If you’re going to get started as a one-person business then you simply need all the relevant equipment. Of course, you need knowledge about gardening and plants. If you feel you are lacking in understanding horticulture in your area, you can take a community course to become a “Master Gardener.”

However, it is not necessary to obtain this certification. You can always brush up on your skills as necessary with a home-study course or by studying gardening books. Chances are, at our age, we gained the knowledge by the “school of hard knocks.”



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Planning Your Business

Use Your C

Make a list of the equipment you will need to do the service. This will help you to determine if you have what you need or if you need to make a capital investment to purchase additional equipment. Keep track of your receipts for tax purposes.

Estimate the cost of operating your lawn mower. This will help you to factor in the cost of doing business when you develop your pricing strategy.


  • Meet Your State and Local Laws.

Once you have all your equipment, you need to ensure you’re meeting all the legal business requirements. Your local county office can advise you and help with this step. Incidentally, you can learn quite a bit about the gardening challenges in your area by visiting your county’s agricultural office.


  • Pricing Strategy:

Do not charge by the hour. Estimate the time it will take to do the job and charge by the completed project. This is how you can build in a profit margin to run your business.

For example, if your lawn mowing will take fifteen minutes and you are charging $25 an hour, don’t charge $4.25. You need to factor in the gas, wear and tear on your mower, and travel expenses. Figure those expenses out and add a profit margin for your monthly service. Roy and Mike did that in the two case studies I presented earlier and they are doing quite well.


How Do I Find Clients?

This is a business that will largely depend on word of mouth. If your customers are happy with your service, they will likely recommend you to their family and friends. Ensuring you do a great job is important!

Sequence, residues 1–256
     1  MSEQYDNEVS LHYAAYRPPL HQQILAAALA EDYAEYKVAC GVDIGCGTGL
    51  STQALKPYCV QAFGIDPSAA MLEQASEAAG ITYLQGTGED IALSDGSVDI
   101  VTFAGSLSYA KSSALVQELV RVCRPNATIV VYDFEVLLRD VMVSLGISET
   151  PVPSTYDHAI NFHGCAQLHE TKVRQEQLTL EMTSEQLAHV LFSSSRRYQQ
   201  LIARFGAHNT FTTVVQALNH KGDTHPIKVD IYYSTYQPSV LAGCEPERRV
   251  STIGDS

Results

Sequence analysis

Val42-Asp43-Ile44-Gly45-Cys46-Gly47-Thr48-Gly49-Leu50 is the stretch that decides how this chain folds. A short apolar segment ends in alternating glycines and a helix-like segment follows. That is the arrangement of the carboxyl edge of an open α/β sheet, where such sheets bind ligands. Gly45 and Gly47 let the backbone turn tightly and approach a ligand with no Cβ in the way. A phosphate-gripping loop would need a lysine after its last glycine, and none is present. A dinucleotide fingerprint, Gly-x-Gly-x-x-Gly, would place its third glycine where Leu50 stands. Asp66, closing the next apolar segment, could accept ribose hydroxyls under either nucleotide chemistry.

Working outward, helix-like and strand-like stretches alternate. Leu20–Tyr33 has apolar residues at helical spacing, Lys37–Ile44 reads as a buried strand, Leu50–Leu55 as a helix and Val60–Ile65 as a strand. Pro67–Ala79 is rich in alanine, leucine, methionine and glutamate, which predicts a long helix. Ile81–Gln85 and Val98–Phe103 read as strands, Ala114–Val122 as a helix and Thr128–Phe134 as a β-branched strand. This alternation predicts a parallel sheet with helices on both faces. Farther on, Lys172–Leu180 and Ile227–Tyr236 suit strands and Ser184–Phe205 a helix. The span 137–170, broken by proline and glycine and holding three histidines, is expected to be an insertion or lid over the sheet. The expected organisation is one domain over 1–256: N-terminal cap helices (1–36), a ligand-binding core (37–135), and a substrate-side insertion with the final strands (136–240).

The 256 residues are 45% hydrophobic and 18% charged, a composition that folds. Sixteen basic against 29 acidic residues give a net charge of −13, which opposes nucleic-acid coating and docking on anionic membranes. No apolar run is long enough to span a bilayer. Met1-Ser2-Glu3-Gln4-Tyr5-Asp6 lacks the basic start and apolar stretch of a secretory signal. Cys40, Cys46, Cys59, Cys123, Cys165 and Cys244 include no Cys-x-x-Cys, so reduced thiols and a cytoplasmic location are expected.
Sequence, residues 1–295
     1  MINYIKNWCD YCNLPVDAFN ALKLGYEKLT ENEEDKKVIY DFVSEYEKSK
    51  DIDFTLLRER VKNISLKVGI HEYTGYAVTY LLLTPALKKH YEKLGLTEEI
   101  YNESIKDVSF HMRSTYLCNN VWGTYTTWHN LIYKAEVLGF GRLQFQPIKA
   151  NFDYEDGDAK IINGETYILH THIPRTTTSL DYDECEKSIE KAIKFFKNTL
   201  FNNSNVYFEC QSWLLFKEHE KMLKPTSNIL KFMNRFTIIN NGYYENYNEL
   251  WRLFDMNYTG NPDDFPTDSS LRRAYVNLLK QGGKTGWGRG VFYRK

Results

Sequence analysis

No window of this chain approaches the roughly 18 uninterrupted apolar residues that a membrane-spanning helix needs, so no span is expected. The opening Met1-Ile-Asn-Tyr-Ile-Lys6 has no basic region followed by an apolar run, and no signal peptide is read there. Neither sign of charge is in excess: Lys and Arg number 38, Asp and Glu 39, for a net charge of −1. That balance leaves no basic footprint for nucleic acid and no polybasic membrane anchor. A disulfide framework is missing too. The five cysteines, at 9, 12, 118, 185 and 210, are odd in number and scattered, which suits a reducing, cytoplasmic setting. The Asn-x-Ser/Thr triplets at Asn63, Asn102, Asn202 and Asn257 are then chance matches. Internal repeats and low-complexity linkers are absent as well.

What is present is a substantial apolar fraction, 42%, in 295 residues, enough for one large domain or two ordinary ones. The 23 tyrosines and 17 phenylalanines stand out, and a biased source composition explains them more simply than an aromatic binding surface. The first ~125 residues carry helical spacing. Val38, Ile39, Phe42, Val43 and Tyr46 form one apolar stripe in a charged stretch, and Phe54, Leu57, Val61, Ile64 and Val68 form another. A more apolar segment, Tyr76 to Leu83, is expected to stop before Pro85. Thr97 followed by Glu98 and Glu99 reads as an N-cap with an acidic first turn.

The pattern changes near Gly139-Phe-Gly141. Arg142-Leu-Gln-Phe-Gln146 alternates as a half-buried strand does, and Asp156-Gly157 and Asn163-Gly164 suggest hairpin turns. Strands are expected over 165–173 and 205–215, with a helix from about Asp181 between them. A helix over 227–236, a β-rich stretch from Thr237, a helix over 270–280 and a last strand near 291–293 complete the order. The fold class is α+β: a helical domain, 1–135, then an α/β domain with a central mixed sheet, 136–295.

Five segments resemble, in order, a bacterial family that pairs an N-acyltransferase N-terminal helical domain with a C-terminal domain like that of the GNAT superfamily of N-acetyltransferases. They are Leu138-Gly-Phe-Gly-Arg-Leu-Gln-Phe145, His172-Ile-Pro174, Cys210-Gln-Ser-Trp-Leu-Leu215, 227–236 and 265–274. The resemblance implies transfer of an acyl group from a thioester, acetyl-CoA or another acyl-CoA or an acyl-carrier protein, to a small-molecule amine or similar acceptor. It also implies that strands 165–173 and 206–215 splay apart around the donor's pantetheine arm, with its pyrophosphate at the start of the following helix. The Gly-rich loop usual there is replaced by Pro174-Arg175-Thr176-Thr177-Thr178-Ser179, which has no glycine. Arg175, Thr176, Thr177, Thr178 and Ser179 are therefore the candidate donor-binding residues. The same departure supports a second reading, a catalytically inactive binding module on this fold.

standing out

My wife found our hedge trimmer / flower planter by a recommendation from our neighbor. We found our grass cutting service by answering an ad on Craigslist. They are so dependable, we recommended them to several of our friends.

For more information on marketing plans for your lawn

Your Lawn Care Business Marketing Plan: How to Double Your Lawn Care Business in 30 Days!

This is a ClickBank product and comes with an iron-clad 60 day money back if you don’t like the marketing blueprint.


  • Baby Boomers’ Secret:

We learned that the secret to success is to be dependable to our employers and customers. Many people who offer gardening services are unreliable and deliver poor quality work. Boomers can be counted on to complete the job on deadline. Use this advantage to generate a thriving income.

  • Key Resource:

Marketing for Solos.


How to Advertise Your Service:

To gain your first few clients, sending flyers out locally as well as placing a magnetic sign on your car (which has your logo and details) are easy and inexpensive ways to start. Be sure your business cell phone is boldly printed on the sign.

You may also want to place an ad in your local paper. If there is an Internet site popular with your area, such as “Talk of the Villages,” or “”, you can post an Ad at minimal cost.

You can also print off flyers and place them on the door steps of your neighborhood. Be sure you stress you are local, a neighbor, and dependable. Put your telephone number is large, bold print.

Building a relationship with a local garden nursery or garden center is a good idea as well. You can commit to buying your plants and equipment from them in exchange for their recommendation to their clients about your services.


Recommended Resource:

How to Start, Grow and Run a Profitable Lawn Care Business by Daniel Pepper.

For more information on starting a gardening service business, click here for the book: How to start Landscaping Business Right Now With No Startup Money by Daniel Pepper. Mr. Pepper offers a step by step process to get your business growing rapidly providing you with green cash. He also has a MP3 audio file for the people who want to listen to the lessons. In addition, he offers a newsletter for subscribing to the course. This is a Clickbank product backed with a 60 day money back guarantee.

Click here to check it out.


Bonus Resource:



How to Start a Landscaping business Right Now with NO Start-Up Money by Keith Halfas. This is a Kindle book offered by Amazon. Click here for the book.

Drop me a line and let me know what you think.